Your property manager should be able to provide you with monthly and annual reports of your profits, and fulfill maintenance requests. All of these tasks require attention to detail and follow-through. If you’ve noticed that it takes several requests and follow-ups before your property manager actually completes a task, you have a problem. More worrying, if your property manager has poor follow-through, it’s unlikely they’re staying up to date on maintenance and compliance checks.
While your initial contract will have outlined what services your property manager is obligated to fulfill, over time you may find that your property manager doesn’t offer quite enough services to add value to your business. While you may not find you need your property manager to “do it all,” they should have the capability to offer all management-related services. These should include, at minimum, leasing your property, advertising to and screening future clients, cleaning your property in between tenants, and managing maintenance requests. As of 2019, 73% of property managers handled property inspections and cleaning. If your property manager falls in the 27% category of property managers who don’t offer these services, for example, it may be time to find someone who does. A great place to start would be to ask your property manager to survey your renters to get a sense of what they may need.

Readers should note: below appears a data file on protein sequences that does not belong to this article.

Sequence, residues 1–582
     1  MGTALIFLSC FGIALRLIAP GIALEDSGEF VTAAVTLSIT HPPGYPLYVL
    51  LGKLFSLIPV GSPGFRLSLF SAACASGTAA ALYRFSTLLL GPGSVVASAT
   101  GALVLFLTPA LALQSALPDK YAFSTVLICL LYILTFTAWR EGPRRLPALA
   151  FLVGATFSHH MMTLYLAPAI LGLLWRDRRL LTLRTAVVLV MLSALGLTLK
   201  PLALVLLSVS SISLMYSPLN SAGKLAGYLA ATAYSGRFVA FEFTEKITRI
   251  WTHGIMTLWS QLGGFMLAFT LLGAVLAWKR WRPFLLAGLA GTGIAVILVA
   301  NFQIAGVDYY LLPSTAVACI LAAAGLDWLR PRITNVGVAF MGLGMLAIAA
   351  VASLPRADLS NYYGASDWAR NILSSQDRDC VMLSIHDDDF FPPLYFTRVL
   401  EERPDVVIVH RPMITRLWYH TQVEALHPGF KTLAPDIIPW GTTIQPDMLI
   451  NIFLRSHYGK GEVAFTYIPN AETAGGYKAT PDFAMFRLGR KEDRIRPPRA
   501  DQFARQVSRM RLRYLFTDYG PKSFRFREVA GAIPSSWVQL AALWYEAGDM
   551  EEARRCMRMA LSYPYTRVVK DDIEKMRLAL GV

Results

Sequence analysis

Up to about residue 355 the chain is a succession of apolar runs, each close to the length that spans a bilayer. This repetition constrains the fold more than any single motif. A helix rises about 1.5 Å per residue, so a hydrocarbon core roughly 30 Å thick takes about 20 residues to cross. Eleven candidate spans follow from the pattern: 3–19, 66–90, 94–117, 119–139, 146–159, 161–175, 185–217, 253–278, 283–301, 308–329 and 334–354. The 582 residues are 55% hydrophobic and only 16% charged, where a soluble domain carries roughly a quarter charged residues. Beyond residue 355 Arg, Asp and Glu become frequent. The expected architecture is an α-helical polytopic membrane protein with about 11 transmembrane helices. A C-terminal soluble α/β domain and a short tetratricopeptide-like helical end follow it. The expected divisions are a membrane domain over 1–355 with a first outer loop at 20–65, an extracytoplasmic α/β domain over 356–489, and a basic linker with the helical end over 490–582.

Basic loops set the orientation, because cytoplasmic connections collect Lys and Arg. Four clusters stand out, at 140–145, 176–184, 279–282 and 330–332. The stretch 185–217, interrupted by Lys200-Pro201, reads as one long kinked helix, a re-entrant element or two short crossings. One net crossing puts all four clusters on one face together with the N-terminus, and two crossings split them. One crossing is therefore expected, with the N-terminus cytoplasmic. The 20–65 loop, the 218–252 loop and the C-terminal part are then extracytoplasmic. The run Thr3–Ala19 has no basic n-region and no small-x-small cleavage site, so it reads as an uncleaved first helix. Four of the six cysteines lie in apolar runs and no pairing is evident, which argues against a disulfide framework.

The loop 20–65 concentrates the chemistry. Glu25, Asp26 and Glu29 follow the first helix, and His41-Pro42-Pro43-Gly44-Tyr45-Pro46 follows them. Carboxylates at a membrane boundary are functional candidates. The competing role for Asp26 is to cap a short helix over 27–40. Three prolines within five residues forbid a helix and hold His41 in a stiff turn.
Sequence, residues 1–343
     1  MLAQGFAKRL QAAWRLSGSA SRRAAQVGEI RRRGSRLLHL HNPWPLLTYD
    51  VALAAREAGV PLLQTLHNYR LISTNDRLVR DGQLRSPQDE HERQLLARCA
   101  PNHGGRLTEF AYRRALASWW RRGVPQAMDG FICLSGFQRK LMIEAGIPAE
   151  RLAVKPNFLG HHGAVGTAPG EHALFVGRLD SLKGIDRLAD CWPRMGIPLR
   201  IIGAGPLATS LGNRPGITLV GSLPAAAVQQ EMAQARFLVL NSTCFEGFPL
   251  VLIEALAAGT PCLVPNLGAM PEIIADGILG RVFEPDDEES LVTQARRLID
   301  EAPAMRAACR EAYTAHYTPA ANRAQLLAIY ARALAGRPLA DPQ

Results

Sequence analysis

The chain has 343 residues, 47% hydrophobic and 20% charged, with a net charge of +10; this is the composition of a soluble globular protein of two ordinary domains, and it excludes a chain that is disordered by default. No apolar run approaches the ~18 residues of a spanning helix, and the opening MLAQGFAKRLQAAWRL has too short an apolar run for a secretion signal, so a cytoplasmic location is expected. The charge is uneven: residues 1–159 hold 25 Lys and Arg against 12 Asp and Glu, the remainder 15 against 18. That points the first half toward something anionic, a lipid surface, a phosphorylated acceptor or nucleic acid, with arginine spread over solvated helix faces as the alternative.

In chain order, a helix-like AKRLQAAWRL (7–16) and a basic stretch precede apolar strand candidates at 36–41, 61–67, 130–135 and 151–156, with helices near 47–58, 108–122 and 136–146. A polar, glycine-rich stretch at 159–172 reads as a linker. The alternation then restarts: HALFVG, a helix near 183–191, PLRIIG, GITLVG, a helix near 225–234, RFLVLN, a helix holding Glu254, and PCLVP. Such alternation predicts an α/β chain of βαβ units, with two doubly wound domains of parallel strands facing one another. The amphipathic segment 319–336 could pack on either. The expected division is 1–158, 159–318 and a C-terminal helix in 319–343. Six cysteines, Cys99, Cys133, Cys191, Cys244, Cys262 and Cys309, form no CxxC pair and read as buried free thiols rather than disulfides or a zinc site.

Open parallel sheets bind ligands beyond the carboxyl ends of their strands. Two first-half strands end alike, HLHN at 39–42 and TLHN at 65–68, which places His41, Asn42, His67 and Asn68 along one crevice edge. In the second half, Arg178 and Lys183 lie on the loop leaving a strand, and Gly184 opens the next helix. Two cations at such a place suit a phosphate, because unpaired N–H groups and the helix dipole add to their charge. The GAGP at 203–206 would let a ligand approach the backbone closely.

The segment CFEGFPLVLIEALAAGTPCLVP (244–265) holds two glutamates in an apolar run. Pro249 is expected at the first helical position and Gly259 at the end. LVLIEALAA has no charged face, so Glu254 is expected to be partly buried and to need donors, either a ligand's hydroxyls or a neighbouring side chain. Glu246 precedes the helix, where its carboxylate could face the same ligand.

Repairing the Relationship
If you’re unhappy with the quality of service your current property manager is providing, but aren’t sure if you’re quite ready to pull the plug, there are steps you can take to try and salvage the relationship.
It’s far too easy to tamp down your feelings of concern in an effort to avoid conflict. However, conflict resolution experts recommend being as direct as possible. Negative emotions understandably cause discomfort. But avoiding addressing your concerns with your property manager will only serve to make things worse. Instead, set a time to speak directly with your property manager and lay out the issues you have with their current performance.
Reviewing Responsibilities and Expectations